during a wave of strikes in the summer of 1980.
THE DECISION TO use the special military units,
reached in a government presidium meeting yester-
day, came less than a week after the Polish Communist
Party named Gen. Wojciech Jaruzelski as its
chairman. He already was serving as premier and.
defense minister.
Urban said the special military units, composed of
See MILITARY, Page 2

'U' alumni reminisce
at H omecoming events

By MIKE McINTYRE
Snow flurries fell on floats, pom pon girls, and into
tubas last night, but it failed to dampen the spirits of
the participants in the 1981 Homecoming Parade as
the procession made its way through town before
thousands of enthusiastic Michigan supporters.
Earlier in the day, spectators crowded around the
Diag to watch the annual Evans Scholars' Car Bash,
then proceeded to the Count of Antipasto restaurant
on S. University to cheer on the teams competing in
the Homecoming pizza-eating contest.
AMONG THOSE watching the Homecoming events
yesterday were a large number of University alumni
who were able to make the annual return to their
alma mater. They could be seen, donned in their
Maize and Blue neckties and scarves, walking

through campus reminiscing and talking of the
changes that have taken place in their absence.
"I'm amazed at how the campus has grown," said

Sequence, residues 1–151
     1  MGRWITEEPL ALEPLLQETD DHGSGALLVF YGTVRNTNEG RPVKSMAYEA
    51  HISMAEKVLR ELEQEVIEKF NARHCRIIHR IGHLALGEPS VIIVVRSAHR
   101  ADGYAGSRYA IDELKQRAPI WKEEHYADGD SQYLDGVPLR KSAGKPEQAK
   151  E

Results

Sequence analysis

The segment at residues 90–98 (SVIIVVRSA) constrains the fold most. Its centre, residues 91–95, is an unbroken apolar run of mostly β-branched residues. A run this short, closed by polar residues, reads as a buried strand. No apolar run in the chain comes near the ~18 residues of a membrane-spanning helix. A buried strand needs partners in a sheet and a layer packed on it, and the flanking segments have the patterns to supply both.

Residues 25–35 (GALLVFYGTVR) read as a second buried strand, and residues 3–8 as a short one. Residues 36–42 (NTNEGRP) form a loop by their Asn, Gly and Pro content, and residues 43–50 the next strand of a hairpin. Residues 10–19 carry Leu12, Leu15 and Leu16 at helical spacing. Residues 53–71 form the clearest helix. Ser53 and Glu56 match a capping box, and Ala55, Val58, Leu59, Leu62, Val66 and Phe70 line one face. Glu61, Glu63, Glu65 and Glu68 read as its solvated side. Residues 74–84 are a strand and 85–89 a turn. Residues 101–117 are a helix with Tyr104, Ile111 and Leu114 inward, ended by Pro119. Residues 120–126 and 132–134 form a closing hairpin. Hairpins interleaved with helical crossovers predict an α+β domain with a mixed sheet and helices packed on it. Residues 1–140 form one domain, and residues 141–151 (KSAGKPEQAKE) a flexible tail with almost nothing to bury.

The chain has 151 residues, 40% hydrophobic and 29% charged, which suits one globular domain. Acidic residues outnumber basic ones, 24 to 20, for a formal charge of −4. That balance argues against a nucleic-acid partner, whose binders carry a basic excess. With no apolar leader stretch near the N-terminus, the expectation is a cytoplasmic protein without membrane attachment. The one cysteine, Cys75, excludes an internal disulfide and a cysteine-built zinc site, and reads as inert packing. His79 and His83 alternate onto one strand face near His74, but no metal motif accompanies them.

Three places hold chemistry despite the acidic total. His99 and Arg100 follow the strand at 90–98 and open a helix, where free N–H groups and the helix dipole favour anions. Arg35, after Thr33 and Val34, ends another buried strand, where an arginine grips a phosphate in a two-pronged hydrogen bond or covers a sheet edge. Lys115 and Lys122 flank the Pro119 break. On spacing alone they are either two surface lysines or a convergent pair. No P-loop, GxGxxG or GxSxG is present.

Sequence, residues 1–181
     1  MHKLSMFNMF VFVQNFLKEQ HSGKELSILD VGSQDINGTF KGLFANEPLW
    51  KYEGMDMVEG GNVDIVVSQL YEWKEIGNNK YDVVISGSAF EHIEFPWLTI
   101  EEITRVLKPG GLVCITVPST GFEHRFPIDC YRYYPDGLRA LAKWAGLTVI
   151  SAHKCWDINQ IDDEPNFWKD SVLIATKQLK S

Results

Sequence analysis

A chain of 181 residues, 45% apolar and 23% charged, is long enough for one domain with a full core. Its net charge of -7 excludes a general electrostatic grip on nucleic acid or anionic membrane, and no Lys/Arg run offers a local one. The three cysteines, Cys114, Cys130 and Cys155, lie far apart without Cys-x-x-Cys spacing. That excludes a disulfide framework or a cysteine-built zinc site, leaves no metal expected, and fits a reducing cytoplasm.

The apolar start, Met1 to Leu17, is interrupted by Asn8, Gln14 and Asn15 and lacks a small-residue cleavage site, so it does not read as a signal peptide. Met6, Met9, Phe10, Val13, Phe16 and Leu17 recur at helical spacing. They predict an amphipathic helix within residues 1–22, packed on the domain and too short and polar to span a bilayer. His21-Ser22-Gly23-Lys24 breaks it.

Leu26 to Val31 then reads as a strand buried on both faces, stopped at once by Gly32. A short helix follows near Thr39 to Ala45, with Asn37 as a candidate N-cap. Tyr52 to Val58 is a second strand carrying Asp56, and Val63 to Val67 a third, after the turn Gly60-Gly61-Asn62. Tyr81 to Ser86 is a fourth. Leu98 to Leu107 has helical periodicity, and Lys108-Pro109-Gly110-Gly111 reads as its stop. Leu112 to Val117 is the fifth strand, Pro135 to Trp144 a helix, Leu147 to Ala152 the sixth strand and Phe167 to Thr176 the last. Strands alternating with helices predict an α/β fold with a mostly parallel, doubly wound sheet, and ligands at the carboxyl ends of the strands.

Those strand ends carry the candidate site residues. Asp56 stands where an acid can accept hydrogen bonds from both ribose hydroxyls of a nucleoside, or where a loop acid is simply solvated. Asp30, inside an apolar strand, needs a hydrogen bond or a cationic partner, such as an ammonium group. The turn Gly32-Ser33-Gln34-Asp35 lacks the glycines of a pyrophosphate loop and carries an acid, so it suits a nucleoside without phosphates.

Klemme Jones, who graduated in 1949. "With all
these one-way streets, I don't know where I'm
going." Jones, who now resides in Miami, Florida,
returned for Homecoming this year to attend the
100th anniversary of the Department of Naval Ar-
chitecture and Marine Engineering.
Joe Fischer, a 1959 graduate of the same depar-
tment, reflected, "I'm sad to see that buildings have
been torn down, and that the department has moved
to North Campus."
"I'M HOMESICK," said Charley Wessels of Min-
neapolis, describing his elation in returning to Ann
See 'U' ALUMNI, Page 5

Doily Photo by MIKE LUCAS
PICTURED ABOVE RIGHT-South Fraternity members, winners of
yesterday's Evans Scholars' Car Bash. Above-2nd place float winner,
Triangle-Gamma Beta Phi.

Students
gather for
strategy'
conference

By FANNIE WEINSTEIN
Hundreds of students from campuses around the
country are gathering at East Quad this weekend
to devise strategies to combat policies of the
Reagan administration.
The students, meeting here for the second an-
nual conference of the Progressive Student Net-
work, will attend a number of panel discussions
and "strategy workshops" on topics ranging from
draft resistance to the anti-nuclear movement to
black freedom struggles today.
SPEAKERS AT the conference will include
Chicago Eight defendant Dave Dellinger; Sean
Sands, brother of the late IRA hunger striker Bob-
by Sands; and Rev. Herbert Dougherty, chairman
of the National Black United Front, as well as a
number of student organizers.